"But you despise me. You who are so pure can never understand being so carried away by passion. Oh, only my poor mother..."
"I quite understand," answered Princess Mary, with a sad smile. "Calm yourself, my dear. I will go to my father," she said, and went out.
Prince Vasili, with one leg thrown high over the other and a snuffbox in his hand, was sitting there with a smile of deep emotion on his face, as if stirred to his heart's core and himself regretting and laughing at his own sensibility, when Princess Mary entered. He hurriedly took a pinch of snuff.
"Ah, my dear, my dear!" he began, rising and taking her by both hands. Then, sighing, he added: "My son's fate is in your hands. Decide, my dear, good, gentle Marie, whom I have always loved as a daughter!"
He drew back and a real tear appeared in his eye.
"Fr... fr..." snorted Prince Bolkonski. "The prince is making a proposition to you in his pupil's—I mean, his son's—name. Do you wish or not to be Prince Anatole Kuragin's wife? Reply: yes or no," he shouted, "and then I shall reserve the right to state my opinion also. Yes, my opinion, and only my opinion," added Prince Bolkonski, turning to Prince Vasili and answering his imploring look. "Yes, or no?"
"My desire is never to leave you, Father, never to separate my life from yours. I don't wish to marry," she answered positively, glancing at Prince Vasili and at her father with her beautiful eyes.
"Humbug! Nonsense! Humbug, humbug, humbug!" cried Prince Bolkonski, frowning and taking his daughter's hand; he did not kiss her, but only bending his forehead to hers just touched it, and pressed her hand so that she winced and uttered a cry.
Prince Vasili rose.
"My dear, I must tell you that this is a moment I shall never, never forget. But, my dear, will you not give us a little hope of touching this heart, so kind and generous? Say 'perhaps'... The future is so long. Say 'perhaps.'"
"Prince, what I have said is all there is in my heart. I thank you for the honor, but I shall never be your son's wife."
"Well, so that's finished, my dear fellow! I am very glad to have seen you. Very glad! Go back to your rooms, Princess. Go!" said the old prince. "Very, very glad to have seen you," repeated he, embracing Prince Vasili.
"My vocation is a different one," thought Princess Mary. "My vocation is to be happy with another kind of happiness, the happiness of love and self-sacrifice. And cost what it may, I will arrange poor Amelie's happiness, she loves him so passionately, and so passionately repents. I will do all I can to arrange the match between them. If he is not rich I will give her the means; I will ask my father and Andrew. I shall be so happy when she is his wife. She is so unfortunate, a stranger, alone, helpless! And, oh God, how passionately she must love him if she could so far forget herself! Perhaps I might have done the same!..." thought Princess Mary.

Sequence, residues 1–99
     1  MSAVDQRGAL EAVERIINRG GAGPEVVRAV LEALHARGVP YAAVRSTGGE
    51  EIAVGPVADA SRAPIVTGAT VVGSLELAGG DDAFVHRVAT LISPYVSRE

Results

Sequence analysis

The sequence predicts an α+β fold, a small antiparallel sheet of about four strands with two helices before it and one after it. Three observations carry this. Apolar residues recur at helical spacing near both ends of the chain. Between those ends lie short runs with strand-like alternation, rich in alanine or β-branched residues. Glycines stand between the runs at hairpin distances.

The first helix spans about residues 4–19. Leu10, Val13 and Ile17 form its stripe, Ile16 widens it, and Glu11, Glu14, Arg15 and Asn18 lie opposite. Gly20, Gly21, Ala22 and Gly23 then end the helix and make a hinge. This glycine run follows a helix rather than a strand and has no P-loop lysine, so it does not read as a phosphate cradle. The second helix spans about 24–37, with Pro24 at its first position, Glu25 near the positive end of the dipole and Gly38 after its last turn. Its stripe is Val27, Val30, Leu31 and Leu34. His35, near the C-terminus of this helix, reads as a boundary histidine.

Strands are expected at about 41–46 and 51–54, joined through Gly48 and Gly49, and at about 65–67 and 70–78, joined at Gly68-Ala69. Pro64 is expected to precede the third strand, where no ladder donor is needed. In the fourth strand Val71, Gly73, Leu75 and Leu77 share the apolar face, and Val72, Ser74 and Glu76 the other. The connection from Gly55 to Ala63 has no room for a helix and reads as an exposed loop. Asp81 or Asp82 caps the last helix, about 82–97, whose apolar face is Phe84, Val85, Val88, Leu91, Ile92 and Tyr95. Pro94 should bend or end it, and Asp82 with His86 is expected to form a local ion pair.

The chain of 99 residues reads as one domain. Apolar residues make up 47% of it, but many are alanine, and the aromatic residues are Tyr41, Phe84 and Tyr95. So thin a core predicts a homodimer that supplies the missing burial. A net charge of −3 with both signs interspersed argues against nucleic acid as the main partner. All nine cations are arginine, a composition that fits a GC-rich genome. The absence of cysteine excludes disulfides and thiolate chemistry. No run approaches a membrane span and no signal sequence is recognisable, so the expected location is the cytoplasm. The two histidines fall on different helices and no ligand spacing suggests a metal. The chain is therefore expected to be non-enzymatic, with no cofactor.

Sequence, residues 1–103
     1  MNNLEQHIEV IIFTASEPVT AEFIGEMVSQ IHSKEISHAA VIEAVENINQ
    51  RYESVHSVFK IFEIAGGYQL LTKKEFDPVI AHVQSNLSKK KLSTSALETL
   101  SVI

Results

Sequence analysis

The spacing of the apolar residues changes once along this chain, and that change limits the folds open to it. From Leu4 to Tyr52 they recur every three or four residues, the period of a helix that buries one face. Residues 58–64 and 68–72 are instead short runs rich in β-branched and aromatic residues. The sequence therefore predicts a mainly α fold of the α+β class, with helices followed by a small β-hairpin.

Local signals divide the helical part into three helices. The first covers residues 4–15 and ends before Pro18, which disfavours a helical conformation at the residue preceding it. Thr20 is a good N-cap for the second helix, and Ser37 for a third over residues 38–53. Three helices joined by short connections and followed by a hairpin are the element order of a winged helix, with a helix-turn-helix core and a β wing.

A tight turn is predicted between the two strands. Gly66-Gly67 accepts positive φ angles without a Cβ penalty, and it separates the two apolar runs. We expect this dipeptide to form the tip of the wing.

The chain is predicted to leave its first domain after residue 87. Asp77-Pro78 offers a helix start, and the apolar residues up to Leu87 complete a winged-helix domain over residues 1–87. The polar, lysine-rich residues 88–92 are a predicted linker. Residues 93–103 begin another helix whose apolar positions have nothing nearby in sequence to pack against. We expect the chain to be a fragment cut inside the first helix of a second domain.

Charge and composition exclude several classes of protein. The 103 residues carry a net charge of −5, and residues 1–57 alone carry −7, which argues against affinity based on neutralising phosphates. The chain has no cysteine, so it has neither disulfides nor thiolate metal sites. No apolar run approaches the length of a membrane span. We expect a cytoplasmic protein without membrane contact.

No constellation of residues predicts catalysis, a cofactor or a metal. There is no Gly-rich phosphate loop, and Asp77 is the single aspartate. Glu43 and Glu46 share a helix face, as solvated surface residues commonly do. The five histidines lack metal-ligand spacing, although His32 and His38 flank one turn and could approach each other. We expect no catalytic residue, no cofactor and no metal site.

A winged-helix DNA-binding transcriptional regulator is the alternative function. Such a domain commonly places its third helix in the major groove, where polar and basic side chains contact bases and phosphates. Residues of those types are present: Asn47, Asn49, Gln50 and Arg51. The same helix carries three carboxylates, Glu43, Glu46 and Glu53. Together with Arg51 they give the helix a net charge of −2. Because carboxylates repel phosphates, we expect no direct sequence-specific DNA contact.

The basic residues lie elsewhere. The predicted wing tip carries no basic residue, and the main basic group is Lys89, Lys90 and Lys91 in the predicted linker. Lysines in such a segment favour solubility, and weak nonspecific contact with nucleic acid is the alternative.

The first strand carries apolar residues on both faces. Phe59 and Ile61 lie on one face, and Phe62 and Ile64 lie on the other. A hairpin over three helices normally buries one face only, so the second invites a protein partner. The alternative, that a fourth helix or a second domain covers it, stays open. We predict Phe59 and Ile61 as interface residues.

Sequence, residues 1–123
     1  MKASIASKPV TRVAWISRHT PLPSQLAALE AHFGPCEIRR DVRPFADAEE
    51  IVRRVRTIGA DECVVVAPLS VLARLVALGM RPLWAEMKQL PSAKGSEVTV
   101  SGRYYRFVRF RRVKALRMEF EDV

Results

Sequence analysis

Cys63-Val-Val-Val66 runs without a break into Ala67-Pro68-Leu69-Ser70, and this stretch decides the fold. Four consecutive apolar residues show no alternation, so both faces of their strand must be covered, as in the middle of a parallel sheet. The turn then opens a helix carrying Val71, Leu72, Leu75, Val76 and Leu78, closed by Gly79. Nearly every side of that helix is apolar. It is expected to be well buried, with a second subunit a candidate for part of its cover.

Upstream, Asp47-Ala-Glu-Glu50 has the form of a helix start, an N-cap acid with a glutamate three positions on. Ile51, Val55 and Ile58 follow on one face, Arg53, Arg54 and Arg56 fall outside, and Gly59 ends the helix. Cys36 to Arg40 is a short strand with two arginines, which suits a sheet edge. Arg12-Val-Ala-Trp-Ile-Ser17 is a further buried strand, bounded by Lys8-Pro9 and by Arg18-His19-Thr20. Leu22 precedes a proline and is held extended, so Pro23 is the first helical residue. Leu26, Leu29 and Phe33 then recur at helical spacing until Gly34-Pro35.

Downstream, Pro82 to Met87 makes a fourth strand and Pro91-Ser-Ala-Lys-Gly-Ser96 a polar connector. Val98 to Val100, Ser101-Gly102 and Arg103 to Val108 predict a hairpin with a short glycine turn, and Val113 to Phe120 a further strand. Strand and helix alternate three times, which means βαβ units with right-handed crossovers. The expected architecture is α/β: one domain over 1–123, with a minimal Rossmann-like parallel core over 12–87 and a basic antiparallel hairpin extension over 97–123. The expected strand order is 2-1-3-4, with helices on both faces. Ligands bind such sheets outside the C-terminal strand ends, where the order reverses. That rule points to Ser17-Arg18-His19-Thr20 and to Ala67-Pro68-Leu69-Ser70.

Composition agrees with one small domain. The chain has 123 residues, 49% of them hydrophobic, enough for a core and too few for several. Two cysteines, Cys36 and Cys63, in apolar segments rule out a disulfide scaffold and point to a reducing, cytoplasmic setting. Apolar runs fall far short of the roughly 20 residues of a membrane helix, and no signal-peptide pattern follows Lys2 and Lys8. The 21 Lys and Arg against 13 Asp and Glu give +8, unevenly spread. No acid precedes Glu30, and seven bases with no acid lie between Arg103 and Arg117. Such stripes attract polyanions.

It was long since the Rostovs had news of Nicholas. Not till midwinter was the count at last handed a letter addressed in his son's handwriting. On receiving it, he ran on tiptoe to his study in alarm and haste, trying to escape notice, closed the door, and began to read the letter.
Anna Mikhaylovna, who always knew everything that passed in the house, on hearing of the arrival of the letter went softly into the room and found the count with it in his hand, sobbing and laughing at the same time.
Anna Mikhaylovna, though her circumstances had improved, was still living with the Rostovs.
"My dear friend?" said she, in a tone of pathetic inquiry, prepared to sympathize in any way.
The count sobbed yet more.
"Nikolenka... a letter... wa... a... s... wounded... my darling boy... the countess... promoted to be an officer... thank God... How tell the little countess!"
Anna Mikhaylovna sat down beside him, with her own handkerchief wiped the tears from his eyes and from the letter, then having dried her own eyes she comforted the count, and decided that at dinner and till teatime she would prepare the countess, and after tea, with God's help, would inform her.
At dinner Anna Mikhaylovna talked the whole time about the war news and about Nikolenka, twice asked when the last letter had been received from him, though she knew that already, and remarked that they might very likely be getting a letter from him that day. Each time that these hints began to make the countess anxious and she glanced uneasily at the count and at Anna Mikhaylovna, the latter very adroitly turned the conversation to insignificant matters. Natasha, who, of the whole family, was the most gifted with a capacity to feel any shades of intonation, look, and expression, pricked up her ears from the beginning of the meal and was certain that there was some secret between her father and Anna Mikhaylovna, that it had something to do with her brother, and that Anna Mikhaylovna was preparing them for it. Bold as she was, Natasha, who knew how sensitive her mother was to anything relating to Nikolenka, did not venture to ask any questions at dinner, but she was too excited to eat anything and kept wriggling about on her chair regardless of her governess' remarks. After dinner, she rushed head long after Anna Mikhaylovna and, dashing at her, flung herself on her neck as soon as she overtook her in the sitting room.
"Auntie, darling, do tell me what it is!"
"Nothing, my dear."
"No, dearest, sweet one, honey, I won't give up—I know you know something."
Anna Mikhaylovna shook her head.